Rare, Prehistoric Dog Skeleton Discovered In San Diego PHOTOS

The fossilized remains of an ancient, doglike species known as Archeocyon, that roamed in what is now San Diego County 24 to 28 million years ago, were found almost completely intact.

The ancient skeleton was unearthed in 2019 at a construction site in Otay Ranch, where it was found embedded in a section of excavated sandstone and mudstone.

Since California Law requires that paleontologist be present during the excavation phase of major construction projects, Pat Sena of the San Diego Natural History Museum was on hand at the site when the section of ground where the fossil was located was dug up. He noticed small white fragments of bone protruding from the excavated rocks and arranged to have them transported to the museum to be analyzed.

Unfortunately, the pandemic hit shortly after the discovery was made putting a halt to research until December of 2021 when curatorial assistant Amanda Linn, began working on two of the rocks. Linn spent 120 painstaking hours using small carving tools and brushes to reach the fragile bones of the skeleton embedded in rock. She told the San Diego Union-Tribune, “As soon as you uncover the bones, they start to disintegrate...I used a lot of patience, and a lot of glue.”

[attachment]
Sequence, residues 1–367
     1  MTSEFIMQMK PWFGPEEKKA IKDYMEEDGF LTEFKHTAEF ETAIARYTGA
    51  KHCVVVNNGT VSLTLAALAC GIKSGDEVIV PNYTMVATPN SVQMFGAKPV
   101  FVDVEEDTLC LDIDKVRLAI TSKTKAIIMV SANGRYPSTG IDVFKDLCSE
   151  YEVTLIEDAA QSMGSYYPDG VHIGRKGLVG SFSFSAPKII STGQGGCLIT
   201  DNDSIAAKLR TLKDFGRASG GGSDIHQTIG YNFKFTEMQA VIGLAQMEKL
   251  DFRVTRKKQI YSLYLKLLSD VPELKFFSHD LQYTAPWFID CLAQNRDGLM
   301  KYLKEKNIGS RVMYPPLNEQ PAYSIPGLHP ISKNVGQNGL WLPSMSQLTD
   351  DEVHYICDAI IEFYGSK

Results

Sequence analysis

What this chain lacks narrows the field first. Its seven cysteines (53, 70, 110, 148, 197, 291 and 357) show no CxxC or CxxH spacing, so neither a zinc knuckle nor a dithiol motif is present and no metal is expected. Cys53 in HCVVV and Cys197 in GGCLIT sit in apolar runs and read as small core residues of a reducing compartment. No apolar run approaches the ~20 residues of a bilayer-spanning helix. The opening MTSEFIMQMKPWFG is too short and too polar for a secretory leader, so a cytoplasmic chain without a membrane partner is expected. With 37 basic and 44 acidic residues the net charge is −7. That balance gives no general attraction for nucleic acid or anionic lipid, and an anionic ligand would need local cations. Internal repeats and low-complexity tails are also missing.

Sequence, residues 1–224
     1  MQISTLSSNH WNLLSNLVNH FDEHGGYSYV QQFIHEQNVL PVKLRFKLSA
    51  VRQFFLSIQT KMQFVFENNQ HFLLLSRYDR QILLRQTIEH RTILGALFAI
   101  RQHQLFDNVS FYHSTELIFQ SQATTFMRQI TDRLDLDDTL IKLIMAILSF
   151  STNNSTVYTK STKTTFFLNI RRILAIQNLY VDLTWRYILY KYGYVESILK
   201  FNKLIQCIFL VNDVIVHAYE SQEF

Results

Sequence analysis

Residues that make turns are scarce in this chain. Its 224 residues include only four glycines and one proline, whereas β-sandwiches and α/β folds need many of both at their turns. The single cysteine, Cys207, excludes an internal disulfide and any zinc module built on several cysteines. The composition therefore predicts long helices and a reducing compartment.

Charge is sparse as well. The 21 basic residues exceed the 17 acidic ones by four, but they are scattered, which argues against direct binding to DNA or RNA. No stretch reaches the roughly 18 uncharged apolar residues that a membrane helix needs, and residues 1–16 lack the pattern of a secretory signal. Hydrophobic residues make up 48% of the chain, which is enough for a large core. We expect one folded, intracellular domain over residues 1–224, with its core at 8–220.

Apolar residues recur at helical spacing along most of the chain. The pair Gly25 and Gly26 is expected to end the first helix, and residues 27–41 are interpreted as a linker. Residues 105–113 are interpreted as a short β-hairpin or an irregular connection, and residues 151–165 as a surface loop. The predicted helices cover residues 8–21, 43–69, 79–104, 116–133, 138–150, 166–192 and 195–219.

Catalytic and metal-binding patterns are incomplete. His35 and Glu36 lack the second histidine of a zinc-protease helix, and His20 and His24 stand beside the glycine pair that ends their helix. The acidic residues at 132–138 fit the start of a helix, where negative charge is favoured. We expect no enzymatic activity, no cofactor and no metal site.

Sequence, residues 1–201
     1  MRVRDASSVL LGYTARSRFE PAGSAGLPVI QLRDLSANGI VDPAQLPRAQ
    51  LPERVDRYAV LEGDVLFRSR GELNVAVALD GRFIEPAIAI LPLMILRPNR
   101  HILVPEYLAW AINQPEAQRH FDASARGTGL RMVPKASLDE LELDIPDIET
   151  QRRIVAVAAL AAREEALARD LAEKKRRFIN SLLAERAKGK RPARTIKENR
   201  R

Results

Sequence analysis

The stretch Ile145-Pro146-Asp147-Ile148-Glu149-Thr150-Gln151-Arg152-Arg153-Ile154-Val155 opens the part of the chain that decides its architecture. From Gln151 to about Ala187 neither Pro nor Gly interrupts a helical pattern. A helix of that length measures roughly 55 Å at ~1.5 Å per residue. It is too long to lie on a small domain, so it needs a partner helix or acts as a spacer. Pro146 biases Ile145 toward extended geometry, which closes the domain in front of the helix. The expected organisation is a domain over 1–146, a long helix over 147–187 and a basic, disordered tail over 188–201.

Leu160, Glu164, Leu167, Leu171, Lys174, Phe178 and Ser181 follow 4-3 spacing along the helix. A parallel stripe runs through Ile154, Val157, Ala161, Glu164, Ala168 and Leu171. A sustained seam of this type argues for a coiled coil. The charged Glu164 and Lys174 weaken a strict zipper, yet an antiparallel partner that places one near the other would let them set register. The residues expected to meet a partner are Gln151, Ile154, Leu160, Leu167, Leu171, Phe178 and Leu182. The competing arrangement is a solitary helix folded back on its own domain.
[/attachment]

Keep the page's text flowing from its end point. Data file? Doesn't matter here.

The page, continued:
Remarkably, only a portion of the tail is missing, otherwise the skeleton is complete.

Post-doctoral researcher Ashley Poust, explained that the team was able to determine the fossil's species once the cheekbone, teeth, and skull emerged from the rock, confirming that it belonged to a group of animals known as Archeocyons, which means “ancient dog.” The fossil dates to the late Oligocene epoch and is believed to be 24 million to 28 million years old.

While Archeocyon fossils have been found in the Great Plains and Pacific Northwest, they have rarely been found in Southern California because over time, the earth's movements in this region scattered, destroyed or deeply buried most fossils from the Oligocene epoch period.

The fossilized remains are still being examined and are not yet on display to the public. The discovery is a tremendous opportunity for the San Diego Natural History Museum’s scientists, including the curator of paleontology Tom Deméré, post-doctoral researcher Ashley Poust and curatorial assistant Amanda Linn.

Photo Credit: San Diego Natural History Museum. Cover Photo: Getty Images.

Sponsored Content

Sponsored Content